Within the past few weeks, you may have noticed an important document in your mailbox.
Each year by July 1, community water suppliers send out a Consumer Confidence Report (CCR) to homeowners (or landlords, for those who live in an apartment building). Mandated by the Environmental Protection Agency (EPA), CCRs provide a tremendous amount of important information about local drinking water quality. This includes the water's source, levels of various contaminants found in the water and information on how to get involved in protecting drinking water.
If you do not receive a CCR, you can contact your local water department. Some of the possible contaminants in drinking water that water providers monitor and treat include parasites and bacteria, such as cryptosporidium and coliform; inorganic contaminants including arsenic, copper, fluoride and lead; organic chemical contaminants such as pesticides, disinfection by-products and benzene; and radioactive contaminants such as radium and uranium.
If you're scared off by all of these terms, don't be. Most community water supplies in the U.S. have very good water quality that exceeds EPA and state guidelines for quality and safety. However, some people, such as individuals with compromised immune systems, the very young, and older folks may be more vulnerable to the presence of some contaminants than the general population is. CCRs help residents identify what contaminants, if any, are present in their tap water supply and how these contaminants may affect their health.
Reading a CCR can seem daunting at first glance, but they are actually fairly easy to read once you know what to look for. Here are some terms you should know when reviewing the CCR:
· Maximum Containment Level Goal (MCLG): Refers to the level of a contaminant in drinking water, below which there is no known or expected health risk.
· Maximum Containment Level (MCL): The highest level of a contaminant that is allowed in drinking water.
· Amount Detected: The amount of a particular contaminant that was detected in water, reported as either an average for the year or a range.
· Violation: If there is a "yes" in this column, it means there was a contaminant that exceeded the MCL in your community's drinking water.
· Source: Indicates the potential source of a contaminant, whether naturally present, an additive or the result of contamination from another source.
CCRs are meant to educate you about the quality of your water supply and to help you make educated choices about your drinking water. If your CCR shows a contaminant is present at a level that is of concern, you have options to consider.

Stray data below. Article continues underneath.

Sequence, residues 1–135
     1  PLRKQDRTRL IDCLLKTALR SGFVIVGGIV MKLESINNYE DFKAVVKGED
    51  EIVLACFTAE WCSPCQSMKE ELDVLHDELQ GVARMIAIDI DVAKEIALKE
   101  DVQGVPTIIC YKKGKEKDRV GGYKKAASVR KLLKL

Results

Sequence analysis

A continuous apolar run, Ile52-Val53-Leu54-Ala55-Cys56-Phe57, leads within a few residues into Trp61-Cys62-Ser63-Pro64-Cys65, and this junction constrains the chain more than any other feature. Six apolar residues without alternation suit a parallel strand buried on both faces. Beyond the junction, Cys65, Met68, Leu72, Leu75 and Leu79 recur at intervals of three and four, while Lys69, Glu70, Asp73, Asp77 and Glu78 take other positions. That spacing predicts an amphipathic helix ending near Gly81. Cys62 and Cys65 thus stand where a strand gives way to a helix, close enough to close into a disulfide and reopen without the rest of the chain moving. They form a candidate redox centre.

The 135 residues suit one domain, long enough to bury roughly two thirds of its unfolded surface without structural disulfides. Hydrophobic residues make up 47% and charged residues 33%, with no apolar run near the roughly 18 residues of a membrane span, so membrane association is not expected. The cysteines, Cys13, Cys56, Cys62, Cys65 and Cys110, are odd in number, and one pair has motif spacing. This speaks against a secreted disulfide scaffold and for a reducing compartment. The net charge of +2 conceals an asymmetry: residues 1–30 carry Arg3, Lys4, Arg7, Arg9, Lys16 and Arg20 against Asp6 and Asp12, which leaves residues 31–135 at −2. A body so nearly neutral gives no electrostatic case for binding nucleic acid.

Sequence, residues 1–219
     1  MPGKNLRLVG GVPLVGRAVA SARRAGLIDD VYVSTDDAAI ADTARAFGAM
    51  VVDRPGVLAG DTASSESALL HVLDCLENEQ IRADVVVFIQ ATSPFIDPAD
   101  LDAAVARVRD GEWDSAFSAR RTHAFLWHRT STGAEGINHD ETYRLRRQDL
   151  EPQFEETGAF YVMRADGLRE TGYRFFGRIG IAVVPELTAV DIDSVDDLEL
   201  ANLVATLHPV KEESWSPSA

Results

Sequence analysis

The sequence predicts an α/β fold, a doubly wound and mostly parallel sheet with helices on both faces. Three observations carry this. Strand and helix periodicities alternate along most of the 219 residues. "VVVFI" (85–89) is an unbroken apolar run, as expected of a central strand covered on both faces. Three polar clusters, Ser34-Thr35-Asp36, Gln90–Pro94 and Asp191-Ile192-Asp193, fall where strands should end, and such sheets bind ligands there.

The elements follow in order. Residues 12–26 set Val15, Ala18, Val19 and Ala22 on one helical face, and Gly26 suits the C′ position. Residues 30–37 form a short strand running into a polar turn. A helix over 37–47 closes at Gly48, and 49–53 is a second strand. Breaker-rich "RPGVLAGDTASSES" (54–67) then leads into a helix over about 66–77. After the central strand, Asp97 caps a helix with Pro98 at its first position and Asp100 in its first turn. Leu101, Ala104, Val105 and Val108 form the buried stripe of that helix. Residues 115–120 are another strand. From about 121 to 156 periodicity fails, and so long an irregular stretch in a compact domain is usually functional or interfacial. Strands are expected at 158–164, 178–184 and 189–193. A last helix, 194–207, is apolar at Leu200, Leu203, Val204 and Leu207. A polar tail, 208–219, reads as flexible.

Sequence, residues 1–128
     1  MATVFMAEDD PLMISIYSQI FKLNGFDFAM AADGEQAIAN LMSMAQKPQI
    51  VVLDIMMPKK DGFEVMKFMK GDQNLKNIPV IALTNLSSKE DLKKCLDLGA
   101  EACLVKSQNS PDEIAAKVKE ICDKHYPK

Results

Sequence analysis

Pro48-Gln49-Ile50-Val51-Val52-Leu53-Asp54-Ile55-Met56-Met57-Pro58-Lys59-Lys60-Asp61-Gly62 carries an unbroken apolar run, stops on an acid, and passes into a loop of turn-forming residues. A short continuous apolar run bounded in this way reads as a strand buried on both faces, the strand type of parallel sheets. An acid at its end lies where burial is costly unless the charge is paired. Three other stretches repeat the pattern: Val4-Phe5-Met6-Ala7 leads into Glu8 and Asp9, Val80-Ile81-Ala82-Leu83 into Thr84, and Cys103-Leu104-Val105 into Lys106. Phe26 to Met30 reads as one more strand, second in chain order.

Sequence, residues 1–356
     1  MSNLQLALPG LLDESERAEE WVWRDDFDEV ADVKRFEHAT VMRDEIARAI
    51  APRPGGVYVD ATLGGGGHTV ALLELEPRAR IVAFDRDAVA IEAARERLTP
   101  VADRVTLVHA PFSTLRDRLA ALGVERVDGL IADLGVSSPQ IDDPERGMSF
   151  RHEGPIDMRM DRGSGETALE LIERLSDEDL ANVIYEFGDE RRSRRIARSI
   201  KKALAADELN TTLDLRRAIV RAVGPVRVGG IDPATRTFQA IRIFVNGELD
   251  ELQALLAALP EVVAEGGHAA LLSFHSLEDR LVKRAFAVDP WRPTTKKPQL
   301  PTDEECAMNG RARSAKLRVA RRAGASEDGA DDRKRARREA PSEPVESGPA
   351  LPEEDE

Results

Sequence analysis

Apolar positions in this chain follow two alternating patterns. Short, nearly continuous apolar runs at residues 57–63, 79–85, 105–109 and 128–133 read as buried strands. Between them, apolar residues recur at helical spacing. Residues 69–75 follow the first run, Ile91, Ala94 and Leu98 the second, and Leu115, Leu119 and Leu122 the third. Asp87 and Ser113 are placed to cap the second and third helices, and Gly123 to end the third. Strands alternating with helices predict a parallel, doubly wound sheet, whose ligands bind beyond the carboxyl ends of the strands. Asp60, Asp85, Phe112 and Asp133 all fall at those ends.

One common choice is a treatment device installed in your home. There are several misconceptions out there about water contaminants and filtering. One misconception is that if water has a funny taste or smell then it's unsafe, but that's not really accurate. On the other hand, many contaminants have no odor, so water can smell and taste normal but may still contain contaminants. Keep in mind that household plumbing can also sometimes contribute impurities (such as lead and copper) into a home's water supply. Therefore, step one should be an analysis of your water by an accredited laboratory, or by researching the quality of the water in your area through your local health department.
Once you are more familiar with what you'd like to treat, the next step is to select the proper water filter. No single water treatment system can protect against all impurities. That's why it's important to pick the right water system for your individual concern. And there are many options to consider.
Filtering water can help address many taste and odor issues and reduce exposure to potential health contaminants such as lead and cysts. Water softeners can reduce the hardness of water and help with the elimination of barium and radium. To help reduce exposure to other contaminants, such as arsenic, chromium or nitrates, a reverse osmosis system is effective. Distillation helps to reduce many heavy metals and minerals, such as mercury, arsenic, and copper. To eliminate bacteria and viruses, ultraviolet disinfection or a microbiological purifier and distillation will work well.
Selecting a water filter is all about finding one that suits your concerns. It's a personal choice based on the quality and composition of your local water. Very often people invest in expensive water filters to try to "fix" problems they don't have while not addressing other issues that do exist. This can be unnecessary, expensive and potentially dangerous -- if you're not filtering for the right contaminants. The information in your CCR arms you with solid, accurate information about your water and gives you a good base with which to identify what you may want to improve in your water. Other considerations include ease of installation, location of the treatment system and maintenance intervals.
For more information on Consumer Confidence Reports and which water filtration and treatment systems best treat certain contaminants, taste and odor, visit NSF International's guide to drinking water at http://www.nsf.org/consumer/drinking_water/dw_quality.asp.